This may sound like an organizational hassle but it truly does not need to be one. Indeed, the more ad hoc and participatory this is the better. The main thing that it requires is a little bit of space and the willingness of five people. The space is so that a surface can be reserved for the laying out of books, and as for the people – well that is also fairly easy. If you know that you are planning on heading to a campaign/activist event of the meeting variety (as opposed to a less stationary type of event such as a protest march) – before you go to it consult your bookshelf. Are there books here that you have already read and which you will not be reading again? Are there books you have accumulated which you will not be reading any time soon? Are there duplicates that you have somehow accrued? Consult your shelves and, if you can, bring two books to the even with you. These need not be new books, though it certainly helps if their theme is at least somewhat related to that of the gathering to which you are going. Contact your friends and acquaintances who are going to the same gathering and encourage them to do the same. If you bring two books, and four other people bring two books each, than there will be ten books – which is a nice start to a little library. Lay the books out on a table with some kind of sign indicating that the books are for prolonged borrowing, and then at the end of the event check the table again – if either of your two books remains (or if there are other books that look interesting to you) take them home with you. Repeat this for the next gathering you go to, and the one after that, and you may well see that this miniature library is quickly growing from a handful of people bringing books to a couple dozen people bringing books. This way when a speaker stands before the crowd and says “it’s important to read” they can immediately add “and we even have a little library of stuff here today!”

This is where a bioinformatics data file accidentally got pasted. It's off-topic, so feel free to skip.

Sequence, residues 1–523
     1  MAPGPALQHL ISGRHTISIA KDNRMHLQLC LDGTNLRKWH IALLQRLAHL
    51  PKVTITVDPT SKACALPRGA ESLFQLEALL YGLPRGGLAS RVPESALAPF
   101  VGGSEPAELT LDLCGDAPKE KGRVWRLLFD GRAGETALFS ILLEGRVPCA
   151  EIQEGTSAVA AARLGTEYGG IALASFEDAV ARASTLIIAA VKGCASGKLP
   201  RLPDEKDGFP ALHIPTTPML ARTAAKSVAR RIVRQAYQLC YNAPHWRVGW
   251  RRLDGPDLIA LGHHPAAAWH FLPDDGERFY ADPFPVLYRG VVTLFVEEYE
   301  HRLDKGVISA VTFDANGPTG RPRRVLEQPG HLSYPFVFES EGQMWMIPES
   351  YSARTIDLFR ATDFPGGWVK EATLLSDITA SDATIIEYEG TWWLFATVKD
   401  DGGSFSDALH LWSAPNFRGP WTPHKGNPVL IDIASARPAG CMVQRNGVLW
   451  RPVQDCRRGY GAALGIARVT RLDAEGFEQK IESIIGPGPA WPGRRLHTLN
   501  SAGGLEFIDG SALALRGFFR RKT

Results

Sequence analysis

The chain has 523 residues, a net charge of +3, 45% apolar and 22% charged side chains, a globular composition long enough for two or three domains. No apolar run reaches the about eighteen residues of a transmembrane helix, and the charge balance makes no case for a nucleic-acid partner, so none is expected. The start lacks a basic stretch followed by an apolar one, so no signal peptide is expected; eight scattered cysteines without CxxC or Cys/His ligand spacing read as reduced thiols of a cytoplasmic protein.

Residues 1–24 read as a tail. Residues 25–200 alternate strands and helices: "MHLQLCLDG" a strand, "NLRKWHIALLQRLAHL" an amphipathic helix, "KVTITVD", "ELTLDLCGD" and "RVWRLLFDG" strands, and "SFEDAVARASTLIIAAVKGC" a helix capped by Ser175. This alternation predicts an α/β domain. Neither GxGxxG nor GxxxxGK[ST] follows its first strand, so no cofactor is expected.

Obviously, such a small assortment of books is no replacement for a well-maintained public library, nor is it necessarily superior to a labor-of-love activist library – but a library can function wonderfully as an activist tool whether it has ten books, fifty books, a hundred books, or a thousand books. Books are easy to share, and in movements that care about mutual aid, books can represent an easy way of putting this principle into action. Furthermore, one of the particular benefits of a “if you can, bring two books” library is that it is small, transportable, and the shared responsibility of its participants. When such a library is not in use it does not need a big storage space to hold it – the books can simply be placed back on their home shelves until it is time for them to once more be part of the mini library.
Reading is important. And though it sounds so uncontroversial as to be banal, there can be something to be said for reminding people that reading is a part (though certainly not all) of being politically engaged.
So what could be better than ensuring that people who hear the comment “read” are readily supplied with things to read?
Go look at your bookshelf – which two books are you willing to share?